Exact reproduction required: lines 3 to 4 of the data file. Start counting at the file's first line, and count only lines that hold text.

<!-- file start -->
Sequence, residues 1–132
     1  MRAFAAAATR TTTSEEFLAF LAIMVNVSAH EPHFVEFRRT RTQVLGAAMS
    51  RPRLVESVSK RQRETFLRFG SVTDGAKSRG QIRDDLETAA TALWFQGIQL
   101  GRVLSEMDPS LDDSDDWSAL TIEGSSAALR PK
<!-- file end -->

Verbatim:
    51  RPRLVESVSK RQRETFLRFG SVTDGAKSRG QIRDDLETAA TALWFQGIQL
   101  GRVLSEMDPS LDDSDDWSAL TIEGSSAALR PK